The Aquarium of the Pacific is sending one of its sea otters to a laboratory in Santa Cruz and will get a visit from one the lab's otters in exchange.
The Aquarium has announced that one of its Southern sea otters, Charlie, is going north to the Long Marine Laboratory to be a subject in a study of otters' hearing underwater. To take Charlie's place, the Long lab, which is at the University of California, Santa Cruz, is sending it's otter, Odin, to Long Beach, where he will join the others in the Aquarium's Sea Otter Habitat after a quarantine period.
Odin was set to participate in the auditory study until it was discovered that he has some hearing loss; he is otherwise healthy and is well-trained, the Aquarium says. The study is being conducted by researchers at the Pinniped Cognition & Sensory Systems Laboratory and the exchange will last about a year.
Here's how the Aquarium describes Odin and the study:
He's an adult male otter born in the wild in 2003 and found stranded when he was just a few weeks old. He later was released into the wild, but after being returned for rehabilitation in 2008, Odin was determined to be non-releasable. The United States Fish and Wildlife Service placed Odin at the Long Marine Lab as a subject for studies of sea otter sensory biology.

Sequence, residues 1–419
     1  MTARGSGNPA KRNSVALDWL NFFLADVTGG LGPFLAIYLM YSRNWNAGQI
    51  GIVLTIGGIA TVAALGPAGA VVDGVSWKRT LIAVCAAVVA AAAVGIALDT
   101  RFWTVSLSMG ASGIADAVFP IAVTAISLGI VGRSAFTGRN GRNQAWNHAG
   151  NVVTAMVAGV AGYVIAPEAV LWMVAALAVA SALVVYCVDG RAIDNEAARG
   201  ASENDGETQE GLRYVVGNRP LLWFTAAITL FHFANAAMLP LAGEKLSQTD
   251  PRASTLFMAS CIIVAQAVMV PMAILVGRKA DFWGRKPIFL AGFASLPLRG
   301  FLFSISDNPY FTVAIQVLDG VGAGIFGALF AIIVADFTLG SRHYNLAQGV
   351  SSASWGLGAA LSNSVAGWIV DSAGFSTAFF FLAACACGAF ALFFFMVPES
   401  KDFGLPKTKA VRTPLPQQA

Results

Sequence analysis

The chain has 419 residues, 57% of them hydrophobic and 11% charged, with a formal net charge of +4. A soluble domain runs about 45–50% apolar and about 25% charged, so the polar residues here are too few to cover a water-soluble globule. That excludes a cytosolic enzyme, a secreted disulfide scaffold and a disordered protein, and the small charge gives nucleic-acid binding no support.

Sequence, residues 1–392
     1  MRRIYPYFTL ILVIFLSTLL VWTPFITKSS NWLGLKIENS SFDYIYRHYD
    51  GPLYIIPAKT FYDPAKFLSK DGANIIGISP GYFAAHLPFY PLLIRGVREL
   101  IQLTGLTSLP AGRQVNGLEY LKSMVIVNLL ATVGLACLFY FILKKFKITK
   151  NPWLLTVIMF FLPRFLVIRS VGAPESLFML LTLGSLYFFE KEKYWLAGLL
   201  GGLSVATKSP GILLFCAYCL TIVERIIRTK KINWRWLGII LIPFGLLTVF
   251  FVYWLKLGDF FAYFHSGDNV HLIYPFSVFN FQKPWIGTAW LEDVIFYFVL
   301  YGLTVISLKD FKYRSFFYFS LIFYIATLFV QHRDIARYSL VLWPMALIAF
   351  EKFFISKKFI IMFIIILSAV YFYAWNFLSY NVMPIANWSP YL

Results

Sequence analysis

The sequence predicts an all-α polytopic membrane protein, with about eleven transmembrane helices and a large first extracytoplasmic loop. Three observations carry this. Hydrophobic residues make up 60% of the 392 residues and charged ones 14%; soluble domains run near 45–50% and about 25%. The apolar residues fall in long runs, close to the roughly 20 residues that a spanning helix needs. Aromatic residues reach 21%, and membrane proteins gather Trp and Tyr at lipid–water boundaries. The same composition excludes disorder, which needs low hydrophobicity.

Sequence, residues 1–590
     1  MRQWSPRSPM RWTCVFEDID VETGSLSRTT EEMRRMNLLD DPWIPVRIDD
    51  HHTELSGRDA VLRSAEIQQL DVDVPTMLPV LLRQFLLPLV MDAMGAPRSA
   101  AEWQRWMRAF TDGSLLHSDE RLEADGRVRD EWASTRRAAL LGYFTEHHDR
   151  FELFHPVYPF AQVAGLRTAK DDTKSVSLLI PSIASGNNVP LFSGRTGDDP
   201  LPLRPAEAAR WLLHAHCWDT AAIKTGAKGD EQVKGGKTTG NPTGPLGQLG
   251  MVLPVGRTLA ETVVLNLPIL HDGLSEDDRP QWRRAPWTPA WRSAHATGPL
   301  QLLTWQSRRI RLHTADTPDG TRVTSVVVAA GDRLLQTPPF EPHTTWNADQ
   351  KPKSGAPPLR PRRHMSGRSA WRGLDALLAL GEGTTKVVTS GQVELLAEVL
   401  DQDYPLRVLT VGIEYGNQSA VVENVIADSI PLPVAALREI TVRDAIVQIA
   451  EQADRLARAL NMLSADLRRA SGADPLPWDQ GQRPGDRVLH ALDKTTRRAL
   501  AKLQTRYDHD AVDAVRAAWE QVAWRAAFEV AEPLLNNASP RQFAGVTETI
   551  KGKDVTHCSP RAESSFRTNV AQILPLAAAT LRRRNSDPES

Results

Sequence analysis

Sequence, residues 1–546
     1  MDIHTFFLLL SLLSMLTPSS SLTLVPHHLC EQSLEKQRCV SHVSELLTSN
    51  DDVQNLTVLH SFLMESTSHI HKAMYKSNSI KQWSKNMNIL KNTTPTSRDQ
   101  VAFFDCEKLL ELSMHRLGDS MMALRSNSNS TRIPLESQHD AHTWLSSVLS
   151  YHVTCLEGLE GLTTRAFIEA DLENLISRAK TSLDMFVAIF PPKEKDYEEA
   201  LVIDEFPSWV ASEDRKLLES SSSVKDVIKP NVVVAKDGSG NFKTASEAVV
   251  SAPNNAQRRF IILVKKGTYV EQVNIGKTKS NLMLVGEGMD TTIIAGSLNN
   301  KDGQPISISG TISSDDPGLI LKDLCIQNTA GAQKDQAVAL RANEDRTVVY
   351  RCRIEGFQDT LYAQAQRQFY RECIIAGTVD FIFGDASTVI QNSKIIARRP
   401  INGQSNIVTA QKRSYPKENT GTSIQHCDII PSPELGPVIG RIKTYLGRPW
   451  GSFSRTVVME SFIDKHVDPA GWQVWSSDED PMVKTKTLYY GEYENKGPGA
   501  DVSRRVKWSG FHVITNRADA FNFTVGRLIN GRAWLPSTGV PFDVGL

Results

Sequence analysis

The Long lab began its research of southern sea otters in 2007 in partnership with the Monterey Bay Aquarium. According to Long lab researchers, little is known about the sensory biology of sea otters and some of the study's aims include a better understanding of how otters’ have evolved and behave, and how evolution has affected marine mammals' perception underwater. It's also hoped that results will help the management of coastal habitats critical to sea mammals' survival.
The Long Marine Lab’s work focuses on pinnipeds, or marine mammals with flippers, such as seals and sea lions. Its other resident animals include Rio the California sea lion, Sprouts the harbor seal, and Burnyce the northern elephant seal.
“Because sea otters are protected, there are very strict guidelines for their housing and care," said the Aquarium of the Pacific's Perry Hampton, its vice president of husbandry, in a post on its website. "Charlie will be very well cared for during his visit to the Long Marine Lab, and we are pleased that his participation in this study will help us better understand sea otters.” (For more on the research, see http://www.pinnipedlab.org/)
Charlie has made the news before as the first sea otter to give a voluntary blood draw. The Aquarium says that he was trained to allow its veterinarian to take blood samples without causing undue stress to the otter (or staff). Other otters have to be physically restrained for the procedure, but Charlie stays perfectly calm, the Aquarium says, and he's become a textbook case for this kind of training.